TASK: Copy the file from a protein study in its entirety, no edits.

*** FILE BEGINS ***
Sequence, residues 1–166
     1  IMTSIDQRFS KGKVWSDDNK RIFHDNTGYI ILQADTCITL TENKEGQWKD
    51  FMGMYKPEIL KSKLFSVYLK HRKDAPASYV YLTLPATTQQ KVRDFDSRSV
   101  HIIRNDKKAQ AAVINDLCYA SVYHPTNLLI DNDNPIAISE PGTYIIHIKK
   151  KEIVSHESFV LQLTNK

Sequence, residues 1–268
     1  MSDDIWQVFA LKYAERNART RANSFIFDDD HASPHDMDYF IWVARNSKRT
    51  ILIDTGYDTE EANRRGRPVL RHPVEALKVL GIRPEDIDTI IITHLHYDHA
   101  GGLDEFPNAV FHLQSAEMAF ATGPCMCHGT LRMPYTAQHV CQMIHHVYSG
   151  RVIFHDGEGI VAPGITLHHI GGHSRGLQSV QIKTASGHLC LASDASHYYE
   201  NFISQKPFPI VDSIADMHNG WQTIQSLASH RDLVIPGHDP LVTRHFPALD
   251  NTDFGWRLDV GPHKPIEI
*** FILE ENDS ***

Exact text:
Sequence, residues 1–166
     1  IMTSIDQRFS KGKVWSDDNK RIFHDNTGYI ILQADTCITL TENKEGQWKD
    51  FMGMYKPEIL KSKLFSVYLK HRKDAPASYV YLTLPATTQQ KVRDFDSRSV
   101  HIIRNDKKAQ AAVINDLCYA SVYHPTNLLI DNDNPIAISE PGTYIIHIKK
   151  KEIVSHESFV LQLTNK

Sequence, residues 1–268
     1  MSDDIWQVFA LKYAERNART RANSFIFDDD HASPHDMDYF IWVARNSKRT
    51  ILIDTGYDTE EANRRGRPVL RHPVEALKVL GIRPEDIDTI IITHLHYDHA
   101  GGLDEFPNAV FHLQSAEMAF ATGPCMCHGT LRMPYTAQHV CQMIHHVYSG
   151  RVIFHDGEGI VAPGITLHHI GGHSRGLQSV QIKTASGHLC LASDASHYYE
   201  NFISQKPFPI VDSIADMHNG WQTIQSLASH RDLVIPGHDP LVTRHFPALD
   251  NTDFGWRLDV GPHKPIEI